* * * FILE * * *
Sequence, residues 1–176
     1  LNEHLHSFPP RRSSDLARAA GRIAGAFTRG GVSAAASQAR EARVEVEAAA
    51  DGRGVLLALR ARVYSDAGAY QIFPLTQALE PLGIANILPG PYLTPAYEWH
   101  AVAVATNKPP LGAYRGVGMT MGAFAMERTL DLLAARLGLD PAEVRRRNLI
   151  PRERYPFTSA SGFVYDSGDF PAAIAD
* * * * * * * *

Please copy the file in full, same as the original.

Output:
Sequence, residues 1–176
     1  LNEHLHSFPP RRSSDLARAA GRIAGAFTRG GVSAAASQAR EARVEVEAAA
    51  DGRGVLLALR ARVYSDAGAY QIFPLTQALE PLGIANILPG PYLTPAYEWH
   101  AVAVATNKPP LGAYRGVGMT MGAFAMERTL DLLAARLGLD PAEVRRRNLI
   151  PRERYPFTSA SGFVYDSGDF PAAIAD